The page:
No matter f you’re just getting started in Airsoft or are a seasoned vet, this article will help you understand exactly what is airsoft CQB. We also prepare you for your first CQB match, how to play it, the best CQB airsoft guns, and everything else to consider before jumping into this different type of airsoft game.
So, what is Airsoft CQB? Airsoft CQB, also known as CQC, is a style of airsoft play, which stands for Close Quarter Battle or Combat. This style of play generally takes place indoors and will be a faster-paced, close proximity type of competition.
Do you have what it takes to engage in close quarter battle arenas or want to know if you do? Continue reading to learn more about what CQB is, how it works, and things to consider for CQB gameplay down below.
Airsoft CQB = Airsoft Close Quarters Battle
Airsoft CQB is a fast-paced style of airsoft, most often played in indoor locations rather than outdoor arenas. This style of play is fairly straightforward with the goal to eliminate the other team before they eliminate you. Since this is a simple style of gameplay, it can be played by new and inexperienced players as well as veteran players. All skill levels wanted and welcome.
The challenge with CQB is the proximity to other players, compounded by the presence of obstacles, such as blindspots and areas difficult to navigate and keep safely clear. Generally you will have more ammunition and will be engaging in much shorter distances from other players. Due to the fast-paced nature of CQB, games will typically not last as long; depending on the teams and player skill levels, games can last from 10-30 minutes.
How Airsoft CQB Works
Once you are equipped to the standards of the facility you are playing at, you will be split into two teams of at least four players per team. Inside the arena, there will be different types of obstacles that make CQB difficult and force you into close contact with other players. You will encounter smaller rooms, windows, blind corners, sharp turns, and other tight spaces.
The end goal is to eliminate the other team within the time-based pressures that come with it being in such tight and close quarters. Often you will want to make sure you are clearing rooms, doors, windows, and corners to ensure you are not eliminated early by the other team by easy mistakes. Never assume a room is clear, even after you cleared it.
Things to Consider for Airsoft Close Quarter Combat
There are several aspects you will need to consider when engaging in close quarters battle that make it different from other forms of airsoft play. First you will want to use different guns in CQB than you would in outdoor play. Typically ideal guns would be lighter, easier to handle guns so that you can be much more efficient during the game. Good options would be short and compact guns, such as gas blowback (GBB) pistols and submachine guns (SMG). Do not weigh yourself down with bulky, longer, slower guns.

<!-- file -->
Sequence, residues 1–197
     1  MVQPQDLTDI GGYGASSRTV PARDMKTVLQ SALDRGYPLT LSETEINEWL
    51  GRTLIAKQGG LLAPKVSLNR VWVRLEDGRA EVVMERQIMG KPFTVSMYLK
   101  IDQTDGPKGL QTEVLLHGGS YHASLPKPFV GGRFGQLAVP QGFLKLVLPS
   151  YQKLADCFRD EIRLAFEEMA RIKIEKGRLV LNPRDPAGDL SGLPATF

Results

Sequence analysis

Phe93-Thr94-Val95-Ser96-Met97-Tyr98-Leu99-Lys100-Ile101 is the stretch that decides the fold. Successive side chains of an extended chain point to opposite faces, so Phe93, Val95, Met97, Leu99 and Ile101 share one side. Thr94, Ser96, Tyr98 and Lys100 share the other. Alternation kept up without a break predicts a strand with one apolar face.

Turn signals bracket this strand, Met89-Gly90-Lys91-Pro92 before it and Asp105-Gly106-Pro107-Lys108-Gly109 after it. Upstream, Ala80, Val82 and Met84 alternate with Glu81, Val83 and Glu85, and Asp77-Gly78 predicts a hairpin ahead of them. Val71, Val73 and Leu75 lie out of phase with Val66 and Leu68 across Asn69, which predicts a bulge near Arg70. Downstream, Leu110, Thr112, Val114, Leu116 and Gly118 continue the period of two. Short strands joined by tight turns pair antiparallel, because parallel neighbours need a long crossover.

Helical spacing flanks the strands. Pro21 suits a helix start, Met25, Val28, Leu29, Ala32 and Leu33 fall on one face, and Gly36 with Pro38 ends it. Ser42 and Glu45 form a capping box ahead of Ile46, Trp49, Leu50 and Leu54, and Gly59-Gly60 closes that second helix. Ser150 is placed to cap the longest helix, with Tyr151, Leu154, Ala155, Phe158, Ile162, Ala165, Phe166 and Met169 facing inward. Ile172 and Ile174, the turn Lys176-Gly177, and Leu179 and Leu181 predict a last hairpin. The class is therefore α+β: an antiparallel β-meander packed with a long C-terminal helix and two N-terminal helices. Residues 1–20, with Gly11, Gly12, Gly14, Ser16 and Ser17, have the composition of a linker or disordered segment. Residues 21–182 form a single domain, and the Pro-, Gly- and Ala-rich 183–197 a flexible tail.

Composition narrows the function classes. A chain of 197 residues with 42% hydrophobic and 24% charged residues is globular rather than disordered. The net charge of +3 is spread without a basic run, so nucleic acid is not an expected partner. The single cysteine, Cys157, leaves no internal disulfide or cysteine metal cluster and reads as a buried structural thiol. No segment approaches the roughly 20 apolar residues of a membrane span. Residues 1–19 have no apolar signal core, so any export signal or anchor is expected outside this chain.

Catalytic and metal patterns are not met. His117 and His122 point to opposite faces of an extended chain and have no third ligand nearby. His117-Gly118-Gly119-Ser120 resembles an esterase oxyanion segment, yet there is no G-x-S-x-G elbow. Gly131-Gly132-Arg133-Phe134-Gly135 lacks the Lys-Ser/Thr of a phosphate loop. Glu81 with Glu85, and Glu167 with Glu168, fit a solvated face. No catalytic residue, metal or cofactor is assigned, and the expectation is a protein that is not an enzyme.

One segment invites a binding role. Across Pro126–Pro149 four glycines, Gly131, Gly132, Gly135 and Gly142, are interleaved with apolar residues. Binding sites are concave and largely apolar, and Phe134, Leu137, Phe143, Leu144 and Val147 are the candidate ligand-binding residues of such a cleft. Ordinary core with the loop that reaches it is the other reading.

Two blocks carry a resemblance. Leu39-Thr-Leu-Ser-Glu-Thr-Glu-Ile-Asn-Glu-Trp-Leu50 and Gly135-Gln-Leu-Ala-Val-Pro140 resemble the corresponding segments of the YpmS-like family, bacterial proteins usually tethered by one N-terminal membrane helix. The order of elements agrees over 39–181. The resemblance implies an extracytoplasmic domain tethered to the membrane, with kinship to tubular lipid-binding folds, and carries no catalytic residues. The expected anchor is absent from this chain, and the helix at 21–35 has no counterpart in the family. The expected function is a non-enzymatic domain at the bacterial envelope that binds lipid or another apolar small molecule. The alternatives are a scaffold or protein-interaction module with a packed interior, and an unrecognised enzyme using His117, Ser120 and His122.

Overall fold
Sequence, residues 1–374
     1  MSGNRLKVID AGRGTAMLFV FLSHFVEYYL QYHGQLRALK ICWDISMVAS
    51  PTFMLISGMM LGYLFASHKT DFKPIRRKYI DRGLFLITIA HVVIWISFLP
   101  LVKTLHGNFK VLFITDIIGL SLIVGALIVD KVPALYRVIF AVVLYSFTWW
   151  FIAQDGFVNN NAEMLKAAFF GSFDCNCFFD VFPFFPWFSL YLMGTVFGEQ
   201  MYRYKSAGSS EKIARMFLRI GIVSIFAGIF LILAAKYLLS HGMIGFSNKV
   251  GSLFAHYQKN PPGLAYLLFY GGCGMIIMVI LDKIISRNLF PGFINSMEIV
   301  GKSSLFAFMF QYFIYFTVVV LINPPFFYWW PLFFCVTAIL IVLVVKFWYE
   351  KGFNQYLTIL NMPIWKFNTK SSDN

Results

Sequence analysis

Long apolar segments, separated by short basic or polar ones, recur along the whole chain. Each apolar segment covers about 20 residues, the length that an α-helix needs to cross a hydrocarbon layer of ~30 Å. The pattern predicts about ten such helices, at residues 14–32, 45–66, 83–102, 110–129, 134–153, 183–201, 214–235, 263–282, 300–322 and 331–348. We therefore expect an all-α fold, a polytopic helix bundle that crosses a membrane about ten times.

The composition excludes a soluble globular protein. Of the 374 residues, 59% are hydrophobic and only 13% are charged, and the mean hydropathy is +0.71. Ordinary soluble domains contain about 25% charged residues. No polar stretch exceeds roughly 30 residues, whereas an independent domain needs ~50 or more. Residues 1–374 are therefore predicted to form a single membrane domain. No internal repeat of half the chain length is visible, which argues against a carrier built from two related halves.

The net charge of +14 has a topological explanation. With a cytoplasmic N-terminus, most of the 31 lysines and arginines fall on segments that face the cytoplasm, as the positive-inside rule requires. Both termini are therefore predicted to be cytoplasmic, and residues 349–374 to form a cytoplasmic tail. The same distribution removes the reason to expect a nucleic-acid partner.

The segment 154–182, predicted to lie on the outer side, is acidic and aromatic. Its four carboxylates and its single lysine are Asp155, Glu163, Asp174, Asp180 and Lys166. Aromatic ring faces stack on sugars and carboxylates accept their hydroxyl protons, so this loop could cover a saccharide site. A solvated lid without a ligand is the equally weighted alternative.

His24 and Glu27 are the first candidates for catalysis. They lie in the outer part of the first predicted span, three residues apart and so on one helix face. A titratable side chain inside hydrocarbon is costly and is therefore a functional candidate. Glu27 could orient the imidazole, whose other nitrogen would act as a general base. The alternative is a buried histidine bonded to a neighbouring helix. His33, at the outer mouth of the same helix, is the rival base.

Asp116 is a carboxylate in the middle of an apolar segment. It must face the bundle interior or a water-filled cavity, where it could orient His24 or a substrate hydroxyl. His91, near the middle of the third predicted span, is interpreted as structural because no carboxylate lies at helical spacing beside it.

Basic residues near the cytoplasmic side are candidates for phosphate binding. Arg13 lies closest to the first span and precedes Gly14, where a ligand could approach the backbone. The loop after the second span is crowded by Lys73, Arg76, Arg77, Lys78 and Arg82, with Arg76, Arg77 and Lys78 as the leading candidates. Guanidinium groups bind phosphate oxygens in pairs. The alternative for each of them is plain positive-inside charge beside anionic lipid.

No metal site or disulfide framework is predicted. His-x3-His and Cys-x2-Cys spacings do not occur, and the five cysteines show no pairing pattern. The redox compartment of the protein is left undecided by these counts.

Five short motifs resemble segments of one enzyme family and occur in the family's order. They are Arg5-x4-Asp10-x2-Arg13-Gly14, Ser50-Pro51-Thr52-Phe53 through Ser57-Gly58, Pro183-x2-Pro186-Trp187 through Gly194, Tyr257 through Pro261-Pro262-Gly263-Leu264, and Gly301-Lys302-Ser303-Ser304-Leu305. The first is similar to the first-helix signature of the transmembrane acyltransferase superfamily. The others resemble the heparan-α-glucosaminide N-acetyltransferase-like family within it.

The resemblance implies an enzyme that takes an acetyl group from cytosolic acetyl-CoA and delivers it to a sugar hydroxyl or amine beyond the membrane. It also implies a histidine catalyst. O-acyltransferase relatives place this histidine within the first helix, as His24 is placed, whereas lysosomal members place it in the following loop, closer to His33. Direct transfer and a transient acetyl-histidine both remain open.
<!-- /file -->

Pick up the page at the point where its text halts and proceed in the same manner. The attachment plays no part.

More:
Other equipment, such as protective gear, will not be the same as field or outdoor play. You will want lighter gear than you would normally wear in outdoor airsoft play. If you are comfortable with this and you are above the age of 18 or have parental consent, you might even omit some optional gear. Omitting optional gear allows for you to be lighter and faster while you are not weighted down by extra gear. But never risk your safety or the safety of others for the sake of the game.
Due to the nature of the quick and close proximity gameplay, you will generally be using more ammunition, but that does not mean you should be trigger-happy – use only one to two shots on your targets. You will also want to make sure you have at least a secondary gun as you may not always have time to reload your gun.
Always clear rooms and entryways to rooms when going through the arena, but do not assume that just because you cleared it that it will always remain clear. Be ready for previously cleared rooms to be occupied when you next encounter it.
Make sure you are playing in tandem with your team. Be in communication as much as possible, report to your leader. Depending on your team strategy, it is best to never enter rooms by yourself and always have a teammate to watch your back. More eyes watching out for the other team and attacks from blindspots will keep you and your teammates in the game for longer.